Climate Change May Be Altering Deep Ocean Current
Far beneath the surface of the ocean, deep currents act as conveyer belts, channeling heat, carbon, oxygen, and nutrients around the globe.
A new study by the University of Pennsylvania’s Irina Marinov and Raffaele Bernardello and colleagues from McGill University has found that recent climate change may be acting to slow down one of these conveyer belts, with potentially serious consequences for the future of the planet’s climate.
“Our observations are showing us that there is less formation of these deep waters near Antarctica,” Marinov said. “This is worrisome because, if this is the case, we’re likely going to see less uptake of human produced, or anthropogenic, heat and carbon dioxide by the ocean, making this a positive feedback loop for climate change.”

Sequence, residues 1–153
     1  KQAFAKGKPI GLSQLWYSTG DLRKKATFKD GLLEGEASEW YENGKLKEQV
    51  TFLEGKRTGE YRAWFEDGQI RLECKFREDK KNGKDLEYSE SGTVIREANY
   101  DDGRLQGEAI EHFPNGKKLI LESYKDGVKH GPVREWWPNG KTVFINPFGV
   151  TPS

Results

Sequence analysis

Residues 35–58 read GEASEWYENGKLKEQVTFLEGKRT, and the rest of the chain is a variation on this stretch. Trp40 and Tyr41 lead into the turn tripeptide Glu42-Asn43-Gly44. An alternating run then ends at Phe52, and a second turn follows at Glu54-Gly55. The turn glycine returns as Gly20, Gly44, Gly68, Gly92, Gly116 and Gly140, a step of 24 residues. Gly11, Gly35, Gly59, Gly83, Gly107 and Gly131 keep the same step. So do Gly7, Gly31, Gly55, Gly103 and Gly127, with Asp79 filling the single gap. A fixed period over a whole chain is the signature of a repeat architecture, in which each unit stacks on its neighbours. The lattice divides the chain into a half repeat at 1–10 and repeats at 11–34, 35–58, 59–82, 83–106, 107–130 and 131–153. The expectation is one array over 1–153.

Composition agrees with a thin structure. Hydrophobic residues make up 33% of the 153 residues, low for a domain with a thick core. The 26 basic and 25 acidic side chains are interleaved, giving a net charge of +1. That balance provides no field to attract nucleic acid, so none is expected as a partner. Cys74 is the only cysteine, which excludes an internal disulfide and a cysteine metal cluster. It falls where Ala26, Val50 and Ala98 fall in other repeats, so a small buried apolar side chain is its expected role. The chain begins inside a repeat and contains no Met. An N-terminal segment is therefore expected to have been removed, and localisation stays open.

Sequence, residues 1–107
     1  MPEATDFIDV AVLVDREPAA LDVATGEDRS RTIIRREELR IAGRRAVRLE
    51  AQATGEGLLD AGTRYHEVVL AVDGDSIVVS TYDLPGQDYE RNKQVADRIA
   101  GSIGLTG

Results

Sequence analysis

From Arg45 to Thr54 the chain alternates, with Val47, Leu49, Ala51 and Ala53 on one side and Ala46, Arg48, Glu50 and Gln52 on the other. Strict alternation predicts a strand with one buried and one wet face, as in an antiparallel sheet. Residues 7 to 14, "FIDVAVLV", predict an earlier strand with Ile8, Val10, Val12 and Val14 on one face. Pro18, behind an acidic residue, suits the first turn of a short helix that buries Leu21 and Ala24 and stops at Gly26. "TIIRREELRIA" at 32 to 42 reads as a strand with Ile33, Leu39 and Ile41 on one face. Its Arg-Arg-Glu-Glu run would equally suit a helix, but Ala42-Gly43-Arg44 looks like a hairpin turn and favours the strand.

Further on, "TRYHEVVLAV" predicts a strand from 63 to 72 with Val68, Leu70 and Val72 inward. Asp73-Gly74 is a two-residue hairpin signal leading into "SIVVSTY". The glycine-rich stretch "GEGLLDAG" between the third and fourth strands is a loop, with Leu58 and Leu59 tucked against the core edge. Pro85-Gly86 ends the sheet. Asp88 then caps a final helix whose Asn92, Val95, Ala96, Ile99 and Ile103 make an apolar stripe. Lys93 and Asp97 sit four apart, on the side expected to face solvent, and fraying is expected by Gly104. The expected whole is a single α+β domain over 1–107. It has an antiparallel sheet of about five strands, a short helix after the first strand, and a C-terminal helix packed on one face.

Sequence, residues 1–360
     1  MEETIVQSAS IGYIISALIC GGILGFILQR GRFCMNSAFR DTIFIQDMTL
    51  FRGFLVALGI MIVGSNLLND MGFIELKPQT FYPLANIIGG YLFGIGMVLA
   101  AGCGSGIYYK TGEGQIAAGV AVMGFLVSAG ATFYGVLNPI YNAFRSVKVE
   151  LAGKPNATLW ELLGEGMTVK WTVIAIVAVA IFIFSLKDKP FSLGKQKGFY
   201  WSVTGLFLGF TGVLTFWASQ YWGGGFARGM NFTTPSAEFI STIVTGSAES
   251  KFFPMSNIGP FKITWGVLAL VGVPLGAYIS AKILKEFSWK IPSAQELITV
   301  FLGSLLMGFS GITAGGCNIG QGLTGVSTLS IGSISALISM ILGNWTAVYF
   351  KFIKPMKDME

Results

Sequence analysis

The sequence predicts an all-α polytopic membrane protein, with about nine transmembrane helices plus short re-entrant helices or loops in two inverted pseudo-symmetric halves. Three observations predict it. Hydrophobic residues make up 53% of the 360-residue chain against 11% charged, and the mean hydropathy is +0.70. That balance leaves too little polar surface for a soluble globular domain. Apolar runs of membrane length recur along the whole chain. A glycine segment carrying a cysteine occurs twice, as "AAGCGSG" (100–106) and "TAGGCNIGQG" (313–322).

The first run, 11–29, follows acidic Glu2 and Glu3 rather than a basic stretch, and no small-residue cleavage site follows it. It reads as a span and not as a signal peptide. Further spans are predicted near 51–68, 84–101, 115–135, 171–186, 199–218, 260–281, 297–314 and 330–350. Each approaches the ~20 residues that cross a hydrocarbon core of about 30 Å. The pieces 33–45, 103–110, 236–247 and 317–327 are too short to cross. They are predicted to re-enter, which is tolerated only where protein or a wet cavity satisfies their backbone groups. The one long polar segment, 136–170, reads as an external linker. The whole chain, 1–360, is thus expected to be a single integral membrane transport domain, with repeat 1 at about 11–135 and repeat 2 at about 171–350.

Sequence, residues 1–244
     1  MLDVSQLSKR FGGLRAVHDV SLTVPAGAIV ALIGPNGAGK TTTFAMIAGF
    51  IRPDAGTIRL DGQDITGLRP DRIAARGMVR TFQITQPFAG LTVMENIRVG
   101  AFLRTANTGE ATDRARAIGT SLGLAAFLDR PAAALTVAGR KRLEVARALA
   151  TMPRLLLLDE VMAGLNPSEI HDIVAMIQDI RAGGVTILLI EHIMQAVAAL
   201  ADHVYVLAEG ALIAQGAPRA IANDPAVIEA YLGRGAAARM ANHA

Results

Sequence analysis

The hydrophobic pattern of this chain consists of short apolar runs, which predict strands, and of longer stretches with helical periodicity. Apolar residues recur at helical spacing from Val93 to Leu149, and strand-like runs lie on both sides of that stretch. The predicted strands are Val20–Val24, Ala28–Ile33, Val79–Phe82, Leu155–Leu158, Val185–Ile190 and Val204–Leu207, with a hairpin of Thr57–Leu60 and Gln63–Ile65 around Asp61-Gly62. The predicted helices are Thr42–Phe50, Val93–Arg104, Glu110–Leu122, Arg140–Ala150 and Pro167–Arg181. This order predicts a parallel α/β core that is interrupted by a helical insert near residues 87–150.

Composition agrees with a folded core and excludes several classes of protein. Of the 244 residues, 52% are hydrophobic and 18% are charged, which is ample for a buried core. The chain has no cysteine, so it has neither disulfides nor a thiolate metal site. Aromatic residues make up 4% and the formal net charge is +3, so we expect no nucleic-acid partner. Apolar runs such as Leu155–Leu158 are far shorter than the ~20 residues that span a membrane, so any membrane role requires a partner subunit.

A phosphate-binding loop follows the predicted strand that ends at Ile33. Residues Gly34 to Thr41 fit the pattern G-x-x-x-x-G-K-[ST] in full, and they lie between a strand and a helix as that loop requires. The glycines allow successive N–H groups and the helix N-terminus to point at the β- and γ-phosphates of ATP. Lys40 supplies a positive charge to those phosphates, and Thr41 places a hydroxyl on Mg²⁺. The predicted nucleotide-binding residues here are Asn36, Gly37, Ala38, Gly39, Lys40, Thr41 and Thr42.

Marinov is an assistant professor in Penn's School of Arts and Sciences’ Department of Earth and Environmental Science, while Bernardello was a postdoctoral investigator in the same department and has just moved to the National Oceanography Centre in the United Kingdom. They collaborated with Casimir de Lavergne, Jaime B. Palter and Eric D. Galbraith of McGill University on the study, which was published in Nature Climate Change.
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